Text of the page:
Pairs well with: Roger Corman’s unreleased adaptation of Fantastic Four, as well as the 1990 Captain America film.

Video Game Review: Kid Niki (NES)

Kid Niki is another one of those games that I used to love playing the shit out of. It’s just a fun, quick game that gets pretty damn challenging as you go deeper into it.

It’s a pretty basic side scroller with easy mechanics.

The characters are completely cartoony and look nothing like the absolutely badass box art. However, I don’t think that this would have been as fun if the game was made to look as serious and grim as the art.

All the boss battles are unique and some take a little trial and error to figure out but this game is definitely beatable after you’ve played it enough and gotten a feel for the mechanics and the patterns.

I don’t have as deep of a love for it now, as I did in the late ’80s and I can’t label it a classic, but revisiting it every couple of years is still a fun experience.

Plus, I really dig the music and the overall sound effects.

Kid Niki is well crafted and is still a great way to waste a half of an hour.

Rating: 7.25/10
Pairs well with: other side scrolling action games for the classic Nintendo, which narrows it down to about 8 dozen games.

Film Review: Vampires (1998)

Also known as: John Carpenter’s Vampires (complete title), Vampire$ (working title)
Release Date: April 15th, 1998 (France)
Directed by: John Carpenter
Written by: Don Jakoby
Based on: Vampire$ by John Steakley
Music by: John Carpenter
Cast: James Woods, Daniel Baldwin, Sheryl Lee, Thomas Ian Griffith, Maximilian Schell, Tim Guinee, Mark Boone Junior, Gregory Sierra, Cary-Hiroyuki Tagawa

JVC Entertainment Networks, Film Office, Storm King Productions, Largo Entertainment, Spooky Tooth Productions, Columbia Pictures, 108 Minutes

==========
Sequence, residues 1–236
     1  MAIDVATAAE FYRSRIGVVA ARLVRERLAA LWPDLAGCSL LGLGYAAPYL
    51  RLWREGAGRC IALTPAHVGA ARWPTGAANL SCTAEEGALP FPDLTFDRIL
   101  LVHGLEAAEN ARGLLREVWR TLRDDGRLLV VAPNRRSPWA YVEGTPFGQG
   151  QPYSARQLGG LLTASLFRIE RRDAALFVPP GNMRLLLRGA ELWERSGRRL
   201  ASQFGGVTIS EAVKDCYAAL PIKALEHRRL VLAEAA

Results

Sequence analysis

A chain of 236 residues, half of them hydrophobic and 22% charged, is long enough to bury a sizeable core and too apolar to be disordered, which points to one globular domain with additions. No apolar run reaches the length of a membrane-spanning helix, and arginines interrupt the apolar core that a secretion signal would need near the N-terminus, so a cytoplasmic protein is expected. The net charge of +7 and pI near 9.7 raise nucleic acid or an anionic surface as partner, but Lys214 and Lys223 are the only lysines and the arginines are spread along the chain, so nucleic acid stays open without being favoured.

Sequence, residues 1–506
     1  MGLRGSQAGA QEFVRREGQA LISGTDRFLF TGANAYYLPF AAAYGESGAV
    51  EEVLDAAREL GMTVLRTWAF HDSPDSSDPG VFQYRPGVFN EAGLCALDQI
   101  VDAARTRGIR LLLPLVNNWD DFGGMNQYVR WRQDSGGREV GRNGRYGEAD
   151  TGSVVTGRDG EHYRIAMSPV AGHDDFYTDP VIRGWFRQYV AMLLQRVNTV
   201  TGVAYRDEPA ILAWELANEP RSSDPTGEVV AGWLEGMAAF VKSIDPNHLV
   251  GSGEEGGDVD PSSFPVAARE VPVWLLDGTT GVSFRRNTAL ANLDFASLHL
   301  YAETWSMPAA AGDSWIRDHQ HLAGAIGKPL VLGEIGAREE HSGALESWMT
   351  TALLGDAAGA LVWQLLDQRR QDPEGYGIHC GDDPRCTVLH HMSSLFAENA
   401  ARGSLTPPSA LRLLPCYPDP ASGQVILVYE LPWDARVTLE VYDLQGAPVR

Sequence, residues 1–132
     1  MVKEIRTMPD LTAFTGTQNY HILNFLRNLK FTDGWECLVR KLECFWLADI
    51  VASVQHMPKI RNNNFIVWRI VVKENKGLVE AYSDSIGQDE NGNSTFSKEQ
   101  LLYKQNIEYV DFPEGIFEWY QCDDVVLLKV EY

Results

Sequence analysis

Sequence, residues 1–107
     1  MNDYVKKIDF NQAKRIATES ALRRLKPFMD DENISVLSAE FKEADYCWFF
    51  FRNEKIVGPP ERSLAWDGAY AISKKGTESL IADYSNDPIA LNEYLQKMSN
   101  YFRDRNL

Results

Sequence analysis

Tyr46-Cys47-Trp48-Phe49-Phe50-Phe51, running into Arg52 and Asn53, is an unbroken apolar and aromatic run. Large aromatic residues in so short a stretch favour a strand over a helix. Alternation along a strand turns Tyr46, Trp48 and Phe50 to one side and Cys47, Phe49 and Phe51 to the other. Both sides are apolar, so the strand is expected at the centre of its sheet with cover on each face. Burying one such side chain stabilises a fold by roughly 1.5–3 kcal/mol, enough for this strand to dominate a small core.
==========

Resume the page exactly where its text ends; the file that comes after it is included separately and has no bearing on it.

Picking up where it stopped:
Review:

“Can I ask ya somethin, Padre? When I was kickin your ass back there… you get a little wood?” – Jack Crow

James Woods is cooler than any of us could ever be. And frankly, this may be the coolest he’s ever been. I mean, shit, he’s a vampire slaying, foul mouthed, badass, ready to burn down hordes of undead bloodsuckers.

Then you have Daniel Baldwin, who is always very convincing as an overweight piece of shit that isn’t afraid to punch his way through problems.

Both of these guys inject so much testosterone into this picture that it truly is cinematic Viagra.

Now I’m not saying they’re good people or even heroic. But that’s what makes this movie so badass and chock full of the best ’90s action movie cliches.

This also features Thomas Ian Griffith as the big evil vampire that they have to kill. Griffith was born to play this part, even if he’s given better performances elsewhere – The Karate Kid, Part III is still my favorite thing he’s ever done. But he is absolutely convincing, has the right build and physical presence and is able to terrify the audience. I remember people in the theater being in absolute awe during the scene where Griffith crashes the vampire hunters’ motel party, ripping everyone and everything to shreds.

What I really enjoy about this movie, is that it is a vampire movie with a real hard edge to it. In the ’90s, vampires were still scary and this does a good job of tapping into that while reminding you how cool vampires can be when used as legitimate monsters. This, along with Blade and From Dusk Till Dawn used these mythological terrors in the way that God intended.

This isn’t John Carpenter at his finest but it’s the second best movie he did in the ’90s after In the Mouth of Madness. It’s tough as shit, blue collar as fuck and it shows you that being a vampire slayer means that you’re probably going to die a very early death instead of just being a cool teenage girl that talks like all her dialogue is written by a balding middle aged guy pretending to be a teenage girl.

Rating: 7.5/10
Pairs well with: Robert Rodriguez’s From Dusk Till Dawn and John Carpenter’s ’90s movies.